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The Pros and Cons of Including a Cover Letter with Your Resume

In recent years, the debate has increased over whether or not to include a cover letter as you’re applying for jobs. Adding a cover letter in the past was a no-brainer as, along with your resume, it was a standard application piece. With the additional avenues of finding jobs such as through LinkedIn and other social media, applicants are tempted to not include a cover letter anymore. Here are a few pros and cons for sending one to your potential employer.

Pro: It shows your extra interest in the position. Let’s face it, a cover letter takes effort. If you include one, you’re showing an employer that you’re taking that extra time to show how much you want this job. If you only send a resume, an employer knows you typically have this ready to go so the effort appears minimal.

Pro: You can give more details about yourself. Traditionally, the cover letter is a place where you can brag more about yourself. A resume can only include so much information, so a pro to the cover letter is giving more information about the things you want to point out to an employer. For example, it’s a great place to elaborate about specific achievements and give more detail about statistics from your previous jobs.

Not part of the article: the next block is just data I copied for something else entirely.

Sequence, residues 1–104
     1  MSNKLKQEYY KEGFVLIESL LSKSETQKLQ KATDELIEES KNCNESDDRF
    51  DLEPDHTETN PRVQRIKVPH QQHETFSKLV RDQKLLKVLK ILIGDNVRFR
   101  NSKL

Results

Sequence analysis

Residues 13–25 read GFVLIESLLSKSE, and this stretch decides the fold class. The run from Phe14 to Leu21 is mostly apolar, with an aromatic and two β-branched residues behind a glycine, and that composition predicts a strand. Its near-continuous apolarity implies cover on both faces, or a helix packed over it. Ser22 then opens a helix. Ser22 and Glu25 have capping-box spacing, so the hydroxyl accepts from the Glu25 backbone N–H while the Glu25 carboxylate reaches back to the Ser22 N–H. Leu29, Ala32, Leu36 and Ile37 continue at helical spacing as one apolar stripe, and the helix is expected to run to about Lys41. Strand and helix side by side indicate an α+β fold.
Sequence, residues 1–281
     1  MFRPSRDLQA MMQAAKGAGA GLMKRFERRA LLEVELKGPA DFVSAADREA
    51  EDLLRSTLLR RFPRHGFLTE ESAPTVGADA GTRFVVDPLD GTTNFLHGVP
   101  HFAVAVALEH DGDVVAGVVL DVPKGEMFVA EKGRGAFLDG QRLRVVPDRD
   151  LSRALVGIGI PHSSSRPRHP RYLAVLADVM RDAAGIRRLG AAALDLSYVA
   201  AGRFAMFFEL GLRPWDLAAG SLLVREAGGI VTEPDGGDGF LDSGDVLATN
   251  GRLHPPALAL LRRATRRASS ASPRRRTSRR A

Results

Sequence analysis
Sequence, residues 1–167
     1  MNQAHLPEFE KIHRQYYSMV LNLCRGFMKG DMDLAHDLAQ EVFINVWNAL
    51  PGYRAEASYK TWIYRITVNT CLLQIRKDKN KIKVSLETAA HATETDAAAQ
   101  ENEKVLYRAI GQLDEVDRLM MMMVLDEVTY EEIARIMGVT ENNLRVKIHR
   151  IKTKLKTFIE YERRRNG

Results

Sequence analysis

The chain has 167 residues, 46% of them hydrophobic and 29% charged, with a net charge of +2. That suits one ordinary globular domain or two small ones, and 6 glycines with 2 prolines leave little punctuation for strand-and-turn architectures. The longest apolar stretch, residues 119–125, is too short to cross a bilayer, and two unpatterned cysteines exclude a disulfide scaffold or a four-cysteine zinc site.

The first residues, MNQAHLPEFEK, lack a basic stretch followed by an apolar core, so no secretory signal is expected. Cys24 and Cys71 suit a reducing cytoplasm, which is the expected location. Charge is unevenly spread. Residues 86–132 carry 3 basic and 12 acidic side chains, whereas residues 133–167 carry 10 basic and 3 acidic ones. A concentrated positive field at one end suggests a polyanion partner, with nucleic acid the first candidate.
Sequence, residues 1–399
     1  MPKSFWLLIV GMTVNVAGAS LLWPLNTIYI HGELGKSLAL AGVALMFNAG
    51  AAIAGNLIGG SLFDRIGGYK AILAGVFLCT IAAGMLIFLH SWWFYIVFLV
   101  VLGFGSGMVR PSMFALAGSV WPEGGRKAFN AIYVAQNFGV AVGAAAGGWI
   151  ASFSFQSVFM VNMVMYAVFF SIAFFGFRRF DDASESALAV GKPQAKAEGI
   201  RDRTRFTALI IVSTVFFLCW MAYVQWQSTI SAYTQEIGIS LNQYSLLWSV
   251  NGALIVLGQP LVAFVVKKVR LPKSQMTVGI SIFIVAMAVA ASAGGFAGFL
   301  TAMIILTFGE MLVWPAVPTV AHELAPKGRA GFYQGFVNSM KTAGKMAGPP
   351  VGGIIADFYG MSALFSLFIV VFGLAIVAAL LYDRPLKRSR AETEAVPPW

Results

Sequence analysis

Con: Your little mistakes can eliminate you. If a cover letter isn’t required for your application, a major reason not to include one is you’ll knock yourself out of consideration if you make any mistakes in information, wording or spelling. If the letter isn’t written using good grammar, you can also eliminate yourself, so this is a major reason to skip it if it’s not required.

Con:  By not including a cover letter, your resume may end up in the wrong department, causing you to miss out on an opportunity to interview.  

Con: Going generic can also rule you out. Many times, we’ll recycle cover letters and just change the company name and job title for each individual position. If this is what you’re doing, it could be a good idea to exclude a cover letter. Employers can often spot a generic cover letter so you may be hurting yourself if they can tell you didn’t write an original letter.

Ultimately, including a cover letter is a personal decision and one to think about before you move forward with your application. In the end, it’s probably better to work hard on a cover letter and include it with your resume, except in those situations where you are not asked for one. In those cases, follow their rules. In all other cases, avoid the cons and it could help you land the position.

If you have any concerns about whether a cover letter is right for you, let’s talk about it!  

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